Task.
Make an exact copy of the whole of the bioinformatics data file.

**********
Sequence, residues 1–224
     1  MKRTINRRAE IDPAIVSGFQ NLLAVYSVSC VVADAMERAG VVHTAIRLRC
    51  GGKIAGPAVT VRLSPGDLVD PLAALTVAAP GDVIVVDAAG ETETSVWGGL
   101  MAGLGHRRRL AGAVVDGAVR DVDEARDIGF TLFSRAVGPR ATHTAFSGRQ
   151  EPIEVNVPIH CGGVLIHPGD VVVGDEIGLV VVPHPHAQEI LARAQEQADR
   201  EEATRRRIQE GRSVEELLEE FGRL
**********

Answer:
Sequence, residues 1–224
     1  MKRTINRRAE IDPAIVSGFQ NLLAVYSVSC VVADAMERAG VVHTAIRLRC
    51  GGKIAGPAVT VRLSPGDLVD PLAALTVAAP GDVIVVDAAG ETETSVWGGL
   101  MAGLGHRRRL AGAVVDGAVR DVDEARDIGF TLFSRAVGPR ATHTAFSGRQ
   151  EPIEVNVPIH CGGVLIHPGD VVVGDEIGLV VVPHPHAQEI LARAQEQADR
   201  EEATRRRIQE GRSVEELLEE FGRL